Attached Thumbnails Attached Thumbnails 1_68301_5_hornsby.jpg   1_68301_3_1904_holt.jpg   1_115749_49_bestideas.jpg   1_146589_7_beststeamer01.jpg  

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    Quote Originally Posted by SouthBendModel34 View Post
    Holt? Best? Hornsby?

    BAH! HUMBUG! The first U.S. patent on a tracked vehicle was held by LOMBARD.

    The A.S.M.E. affixed a "National Mechanical Engineering Historic Landmark" plaque to the cab of the Lombard Log Hauler preserved at the Patten Lumberman's Museum in Patten, Maine, to recognize this.

    http://www.lumbermensmuseum.org/inde...&id=6&Itemid=7

    Lombard fought a long litigation with Caterpillar. Caterpillar outlived him.

    Notice that the machine looks sort of like a cross between a saddle-tank switching locomotive and a bulldozer, with some snowmobile bloodline thrown in. (The steerable skis on the front.) Actual contruction of the beast was subcontracted to the Baldwin Locomotive Works.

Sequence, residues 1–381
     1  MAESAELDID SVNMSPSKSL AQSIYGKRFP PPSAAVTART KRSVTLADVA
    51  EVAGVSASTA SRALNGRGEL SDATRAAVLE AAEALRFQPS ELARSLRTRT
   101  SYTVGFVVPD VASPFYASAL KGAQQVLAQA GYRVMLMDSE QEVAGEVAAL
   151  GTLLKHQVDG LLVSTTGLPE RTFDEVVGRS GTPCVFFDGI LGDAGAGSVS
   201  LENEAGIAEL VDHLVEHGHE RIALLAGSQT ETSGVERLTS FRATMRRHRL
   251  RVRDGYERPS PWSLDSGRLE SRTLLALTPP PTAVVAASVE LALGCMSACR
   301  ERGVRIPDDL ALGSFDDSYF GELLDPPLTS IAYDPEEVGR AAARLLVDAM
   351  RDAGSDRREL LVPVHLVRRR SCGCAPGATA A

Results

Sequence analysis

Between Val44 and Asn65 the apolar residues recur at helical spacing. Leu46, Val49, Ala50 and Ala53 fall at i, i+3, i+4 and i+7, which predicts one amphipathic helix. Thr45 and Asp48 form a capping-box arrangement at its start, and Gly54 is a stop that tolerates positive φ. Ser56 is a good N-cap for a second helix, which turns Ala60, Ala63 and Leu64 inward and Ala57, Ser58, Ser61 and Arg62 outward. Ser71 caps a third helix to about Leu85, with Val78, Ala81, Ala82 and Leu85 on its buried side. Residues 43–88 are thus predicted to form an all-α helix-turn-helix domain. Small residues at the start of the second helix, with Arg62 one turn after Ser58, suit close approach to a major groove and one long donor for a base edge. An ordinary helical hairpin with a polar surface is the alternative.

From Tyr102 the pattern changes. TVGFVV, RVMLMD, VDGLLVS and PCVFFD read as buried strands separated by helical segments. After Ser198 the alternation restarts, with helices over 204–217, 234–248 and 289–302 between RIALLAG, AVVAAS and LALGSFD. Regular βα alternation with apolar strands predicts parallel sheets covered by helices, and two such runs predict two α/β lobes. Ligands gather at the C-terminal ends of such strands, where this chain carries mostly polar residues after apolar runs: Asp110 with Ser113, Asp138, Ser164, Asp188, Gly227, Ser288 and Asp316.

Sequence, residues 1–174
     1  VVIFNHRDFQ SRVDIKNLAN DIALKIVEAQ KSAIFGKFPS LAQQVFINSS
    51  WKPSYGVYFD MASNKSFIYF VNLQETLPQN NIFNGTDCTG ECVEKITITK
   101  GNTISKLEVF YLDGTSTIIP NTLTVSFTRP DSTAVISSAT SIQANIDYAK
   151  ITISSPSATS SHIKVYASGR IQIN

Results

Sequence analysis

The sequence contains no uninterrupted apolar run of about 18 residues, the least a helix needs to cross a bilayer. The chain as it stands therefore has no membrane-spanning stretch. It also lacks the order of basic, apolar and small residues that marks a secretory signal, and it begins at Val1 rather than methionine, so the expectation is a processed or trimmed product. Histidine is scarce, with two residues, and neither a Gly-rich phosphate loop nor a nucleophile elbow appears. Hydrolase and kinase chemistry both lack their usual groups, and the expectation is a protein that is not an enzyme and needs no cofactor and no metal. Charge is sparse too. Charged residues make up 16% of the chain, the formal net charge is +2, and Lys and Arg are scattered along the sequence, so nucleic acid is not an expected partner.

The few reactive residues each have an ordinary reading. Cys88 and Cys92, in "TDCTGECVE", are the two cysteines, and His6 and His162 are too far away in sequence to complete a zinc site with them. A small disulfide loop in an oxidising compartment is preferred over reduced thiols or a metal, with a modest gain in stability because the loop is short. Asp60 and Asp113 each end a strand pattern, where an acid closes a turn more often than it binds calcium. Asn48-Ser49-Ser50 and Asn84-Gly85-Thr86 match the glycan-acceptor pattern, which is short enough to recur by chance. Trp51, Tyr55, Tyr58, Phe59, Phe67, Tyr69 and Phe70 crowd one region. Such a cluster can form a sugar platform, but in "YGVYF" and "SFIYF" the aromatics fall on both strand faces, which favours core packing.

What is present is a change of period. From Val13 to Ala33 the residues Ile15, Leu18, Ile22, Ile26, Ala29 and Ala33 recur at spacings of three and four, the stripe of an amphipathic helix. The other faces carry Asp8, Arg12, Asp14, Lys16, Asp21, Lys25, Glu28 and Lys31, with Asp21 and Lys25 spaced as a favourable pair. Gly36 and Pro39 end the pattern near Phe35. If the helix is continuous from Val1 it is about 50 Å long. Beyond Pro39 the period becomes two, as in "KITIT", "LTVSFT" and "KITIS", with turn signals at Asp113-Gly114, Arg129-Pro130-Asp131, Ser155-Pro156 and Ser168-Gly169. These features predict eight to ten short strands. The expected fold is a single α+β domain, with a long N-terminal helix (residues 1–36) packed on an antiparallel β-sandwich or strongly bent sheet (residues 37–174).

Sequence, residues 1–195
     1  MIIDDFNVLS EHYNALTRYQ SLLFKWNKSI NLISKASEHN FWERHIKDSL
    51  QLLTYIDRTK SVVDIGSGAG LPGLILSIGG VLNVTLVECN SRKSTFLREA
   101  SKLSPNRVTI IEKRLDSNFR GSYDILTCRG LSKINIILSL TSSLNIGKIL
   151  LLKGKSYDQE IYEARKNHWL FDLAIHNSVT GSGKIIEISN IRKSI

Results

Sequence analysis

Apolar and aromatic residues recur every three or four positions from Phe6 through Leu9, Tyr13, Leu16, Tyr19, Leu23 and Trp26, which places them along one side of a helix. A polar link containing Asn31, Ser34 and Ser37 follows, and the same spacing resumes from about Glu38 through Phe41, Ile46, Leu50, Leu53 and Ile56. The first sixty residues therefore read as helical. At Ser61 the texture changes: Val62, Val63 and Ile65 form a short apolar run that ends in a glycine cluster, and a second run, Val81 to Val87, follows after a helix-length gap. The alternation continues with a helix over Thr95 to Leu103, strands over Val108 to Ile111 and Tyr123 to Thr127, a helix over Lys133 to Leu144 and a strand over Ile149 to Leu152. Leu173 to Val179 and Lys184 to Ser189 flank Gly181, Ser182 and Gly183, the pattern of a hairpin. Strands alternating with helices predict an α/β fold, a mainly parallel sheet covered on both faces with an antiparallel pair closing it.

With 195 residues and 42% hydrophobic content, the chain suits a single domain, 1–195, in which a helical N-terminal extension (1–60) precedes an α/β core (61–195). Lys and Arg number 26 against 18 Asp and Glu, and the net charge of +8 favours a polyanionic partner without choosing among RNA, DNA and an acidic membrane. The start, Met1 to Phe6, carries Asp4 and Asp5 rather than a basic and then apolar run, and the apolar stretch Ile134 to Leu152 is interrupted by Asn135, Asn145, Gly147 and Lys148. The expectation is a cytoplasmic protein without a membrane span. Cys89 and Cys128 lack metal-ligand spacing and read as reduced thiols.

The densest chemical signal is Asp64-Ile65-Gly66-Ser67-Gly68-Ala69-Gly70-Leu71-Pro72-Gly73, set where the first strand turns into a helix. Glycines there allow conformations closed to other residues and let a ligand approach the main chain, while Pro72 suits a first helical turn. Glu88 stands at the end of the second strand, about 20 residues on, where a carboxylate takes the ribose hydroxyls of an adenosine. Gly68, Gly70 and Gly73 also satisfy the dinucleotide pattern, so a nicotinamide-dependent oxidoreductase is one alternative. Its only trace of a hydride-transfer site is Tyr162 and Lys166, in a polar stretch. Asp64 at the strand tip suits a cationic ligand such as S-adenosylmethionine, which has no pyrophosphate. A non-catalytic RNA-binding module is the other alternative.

Several of these survive; at least one was steam-able at a fairly recent date.

    (I'll bet this post stirs up a hornet's nest !)

    John Ruth

    P.S. This thread is emphatically not off topic. If the machines being discussed are not "Antique Machinery", then what is ???
    Cat has no history of inventing much. they couldn't even figure out that
    ifyou put a blade on the front of one you could push something with it.

    LeTourneau created the aftermarket business of selling blades for them.

    Cat's pattern is not to invent much, but let someone else develop the product and then swoop in and make the money on it.